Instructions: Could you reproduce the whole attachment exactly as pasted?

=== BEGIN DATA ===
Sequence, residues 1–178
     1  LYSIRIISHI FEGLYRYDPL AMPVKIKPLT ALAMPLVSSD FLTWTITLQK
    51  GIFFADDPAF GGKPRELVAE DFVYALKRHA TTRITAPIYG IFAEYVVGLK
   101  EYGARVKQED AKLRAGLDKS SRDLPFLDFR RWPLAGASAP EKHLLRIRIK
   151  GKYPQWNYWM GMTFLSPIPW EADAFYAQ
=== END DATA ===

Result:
Sequence, residues 1–178
     1  LYSIRIISHI FEGLYRYDPL AMPVKIKPLT ALAMPLVSSD FLTWTITLQK
    51  GIFFADDPAF GGKPRELVAE DFVYALKRHA TTRITAPIYG IFAEYVVGLK
   101  EYGARVKQED AKLRAGLDKS SRDLPFLDFR RWPLAGASAP EKHLLRIRIK
   151  GKYPQWNYWM GMTFLSPIPW EADAFYAQ